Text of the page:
Named one of the 50 influencers in the field of aging, Cappelli has also studied and written extensively on managing a multigenerational workforce with differing values. He co-authored the book “Managing the Older Worker: How to Prepare for the New Organizational Order” (HBR Press, 2010), which provides key steps to recruiting and retaining workers who are older by becoming more purpose-driven, emphasizing social connections and tailoring benefits to elderly people’s needs. As the population becomes progressively “greyer,” devising a strategy for the older worker now will give you a competitive advantage.

In addition to his position at Wharton, Cappelli is also a research associate at the National Bureau of Economic Research in Cambridge, Mass. Elected a fellow of the National Academy of Human Resources, he received the 2009 PRO award from the International Association of Corporate and Professional Recruiters for his contributions to HR. He serves on a number of advisory boards, including the Global Agenda Council on Employment for the World Economic Forum, and has held a number of labor and workforce-related positions within the U.S. government. Cappelli has degrees in industrial relations from Cornell University and in labor economics from Oxford, where he was a Fulbright Scholar.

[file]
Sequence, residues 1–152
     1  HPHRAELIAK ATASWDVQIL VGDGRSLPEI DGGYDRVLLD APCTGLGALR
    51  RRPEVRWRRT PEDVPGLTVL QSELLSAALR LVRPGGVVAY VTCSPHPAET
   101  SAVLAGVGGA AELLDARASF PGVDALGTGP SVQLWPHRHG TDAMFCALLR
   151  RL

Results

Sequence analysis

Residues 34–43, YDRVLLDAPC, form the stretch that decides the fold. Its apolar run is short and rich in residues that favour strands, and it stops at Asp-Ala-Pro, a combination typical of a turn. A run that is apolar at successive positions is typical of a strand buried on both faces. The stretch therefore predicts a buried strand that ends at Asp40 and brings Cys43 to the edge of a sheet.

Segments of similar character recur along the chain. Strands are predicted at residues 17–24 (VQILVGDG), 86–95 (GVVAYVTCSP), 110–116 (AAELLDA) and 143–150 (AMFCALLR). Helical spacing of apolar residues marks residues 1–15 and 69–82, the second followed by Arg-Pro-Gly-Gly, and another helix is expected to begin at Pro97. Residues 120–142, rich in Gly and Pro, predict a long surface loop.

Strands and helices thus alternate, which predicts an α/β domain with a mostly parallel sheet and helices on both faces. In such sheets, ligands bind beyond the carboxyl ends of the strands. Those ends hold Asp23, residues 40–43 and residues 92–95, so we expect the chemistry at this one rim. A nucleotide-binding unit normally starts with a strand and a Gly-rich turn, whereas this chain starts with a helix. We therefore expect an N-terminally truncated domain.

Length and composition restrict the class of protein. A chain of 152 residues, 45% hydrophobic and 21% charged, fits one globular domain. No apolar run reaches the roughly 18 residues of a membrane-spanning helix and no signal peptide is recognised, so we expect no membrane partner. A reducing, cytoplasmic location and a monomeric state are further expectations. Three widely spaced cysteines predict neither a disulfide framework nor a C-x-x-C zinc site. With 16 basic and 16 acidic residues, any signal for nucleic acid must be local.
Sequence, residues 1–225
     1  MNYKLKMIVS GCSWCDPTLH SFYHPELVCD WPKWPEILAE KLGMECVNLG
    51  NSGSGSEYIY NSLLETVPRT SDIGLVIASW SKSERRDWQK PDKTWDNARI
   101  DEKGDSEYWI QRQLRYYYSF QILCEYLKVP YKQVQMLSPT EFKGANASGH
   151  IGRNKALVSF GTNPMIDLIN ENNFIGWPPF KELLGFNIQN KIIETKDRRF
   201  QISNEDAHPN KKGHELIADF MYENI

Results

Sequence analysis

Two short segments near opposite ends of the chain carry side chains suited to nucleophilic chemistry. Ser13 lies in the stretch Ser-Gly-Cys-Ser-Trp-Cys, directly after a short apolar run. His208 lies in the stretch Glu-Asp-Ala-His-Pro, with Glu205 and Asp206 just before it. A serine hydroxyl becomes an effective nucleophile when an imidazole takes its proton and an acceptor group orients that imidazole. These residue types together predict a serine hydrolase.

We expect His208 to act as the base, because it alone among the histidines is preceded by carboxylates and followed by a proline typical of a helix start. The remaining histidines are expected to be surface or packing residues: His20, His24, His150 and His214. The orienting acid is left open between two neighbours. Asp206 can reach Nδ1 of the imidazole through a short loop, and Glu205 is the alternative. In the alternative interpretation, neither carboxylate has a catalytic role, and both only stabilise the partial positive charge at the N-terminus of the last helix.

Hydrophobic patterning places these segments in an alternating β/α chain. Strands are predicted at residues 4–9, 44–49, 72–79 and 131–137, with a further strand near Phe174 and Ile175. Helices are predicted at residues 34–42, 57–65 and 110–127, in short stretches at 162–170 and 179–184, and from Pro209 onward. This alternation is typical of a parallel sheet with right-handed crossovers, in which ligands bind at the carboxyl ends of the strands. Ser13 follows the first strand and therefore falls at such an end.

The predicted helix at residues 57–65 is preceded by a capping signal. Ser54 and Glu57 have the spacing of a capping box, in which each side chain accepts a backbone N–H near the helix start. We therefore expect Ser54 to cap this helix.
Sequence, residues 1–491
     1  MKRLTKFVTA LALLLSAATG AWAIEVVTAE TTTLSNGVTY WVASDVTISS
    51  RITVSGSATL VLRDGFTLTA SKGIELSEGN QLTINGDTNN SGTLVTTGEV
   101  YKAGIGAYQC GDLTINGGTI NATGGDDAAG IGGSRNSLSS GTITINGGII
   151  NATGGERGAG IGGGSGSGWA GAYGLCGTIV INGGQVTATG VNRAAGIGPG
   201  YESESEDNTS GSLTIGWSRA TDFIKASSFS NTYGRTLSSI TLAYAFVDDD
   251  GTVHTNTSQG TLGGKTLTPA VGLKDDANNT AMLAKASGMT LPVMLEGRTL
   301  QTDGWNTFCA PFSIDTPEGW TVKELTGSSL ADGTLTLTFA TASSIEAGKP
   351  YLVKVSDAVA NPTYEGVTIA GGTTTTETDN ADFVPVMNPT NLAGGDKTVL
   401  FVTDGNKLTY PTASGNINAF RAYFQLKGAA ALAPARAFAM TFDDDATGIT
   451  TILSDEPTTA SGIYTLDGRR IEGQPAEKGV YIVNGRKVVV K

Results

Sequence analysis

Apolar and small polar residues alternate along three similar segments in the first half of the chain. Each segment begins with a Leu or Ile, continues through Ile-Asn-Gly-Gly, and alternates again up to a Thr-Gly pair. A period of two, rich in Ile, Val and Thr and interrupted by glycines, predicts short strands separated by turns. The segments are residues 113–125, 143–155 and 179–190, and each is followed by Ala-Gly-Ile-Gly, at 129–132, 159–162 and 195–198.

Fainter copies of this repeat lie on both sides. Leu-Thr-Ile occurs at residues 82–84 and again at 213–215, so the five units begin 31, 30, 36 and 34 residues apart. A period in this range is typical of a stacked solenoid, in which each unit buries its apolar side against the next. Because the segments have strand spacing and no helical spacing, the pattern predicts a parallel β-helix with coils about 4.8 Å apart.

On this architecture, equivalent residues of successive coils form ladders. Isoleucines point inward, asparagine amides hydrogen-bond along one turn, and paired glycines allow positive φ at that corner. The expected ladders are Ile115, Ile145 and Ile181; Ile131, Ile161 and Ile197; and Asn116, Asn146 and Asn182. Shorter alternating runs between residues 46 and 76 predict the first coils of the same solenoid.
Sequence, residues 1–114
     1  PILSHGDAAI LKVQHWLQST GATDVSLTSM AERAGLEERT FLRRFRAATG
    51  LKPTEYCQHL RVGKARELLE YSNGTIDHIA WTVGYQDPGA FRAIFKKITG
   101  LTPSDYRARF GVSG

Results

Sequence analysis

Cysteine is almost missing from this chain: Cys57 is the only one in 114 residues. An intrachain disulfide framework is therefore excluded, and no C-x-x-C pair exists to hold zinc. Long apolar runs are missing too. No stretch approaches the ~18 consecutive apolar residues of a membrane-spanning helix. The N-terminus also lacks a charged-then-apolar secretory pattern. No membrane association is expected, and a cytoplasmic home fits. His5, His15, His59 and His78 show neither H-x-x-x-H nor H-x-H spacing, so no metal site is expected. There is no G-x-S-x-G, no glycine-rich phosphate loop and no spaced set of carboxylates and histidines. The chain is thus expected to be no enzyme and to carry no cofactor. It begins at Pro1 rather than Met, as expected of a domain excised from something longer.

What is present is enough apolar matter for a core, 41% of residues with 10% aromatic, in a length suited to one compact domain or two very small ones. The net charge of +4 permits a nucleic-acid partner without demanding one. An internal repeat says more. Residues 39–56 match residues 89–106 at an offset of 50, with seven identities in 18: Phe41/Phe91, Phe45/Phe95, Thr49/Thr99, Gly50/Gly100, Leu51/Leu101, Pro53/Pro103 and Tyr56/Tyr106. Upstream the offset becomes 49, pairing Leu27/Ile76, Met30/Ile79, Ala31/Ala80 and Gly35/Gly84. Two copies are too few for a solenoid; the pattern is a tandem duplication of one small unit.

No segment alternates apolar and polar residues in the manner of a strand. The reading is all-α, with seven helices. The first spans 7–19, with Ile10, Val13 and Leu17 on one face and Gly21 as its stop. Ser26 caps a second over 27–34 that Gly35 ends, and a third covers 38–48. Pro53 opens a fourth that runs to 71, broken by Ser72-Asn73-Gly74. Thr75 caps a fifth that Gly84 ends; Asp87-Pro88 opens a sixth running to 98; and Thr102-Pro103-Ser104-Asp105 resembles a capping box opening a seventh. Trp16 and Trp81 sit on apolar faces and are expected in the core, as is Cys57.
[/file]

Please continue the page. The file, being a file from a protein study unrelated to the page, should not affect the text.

Peter Cappelli is available for paid speaking engagements, including keynote addresses, speeches, panels, and conference talks, and advisory/consulting services, through the exclusive representation of Stern Speakers, a division of Stern Strategy Group®.

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Video ThumbnailHR Exchange at Think 2018: TED Talk with Professor Peter Cappelli, Wharton School - youtube Video

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Cappelli, Peter

Biography

Peter Cappelli, the George W. Taylor Professor of Management at The Wharton School and director of Wharton’s Center for Human Resources, is a leading expert on developing strategies to address 21st century changes in work.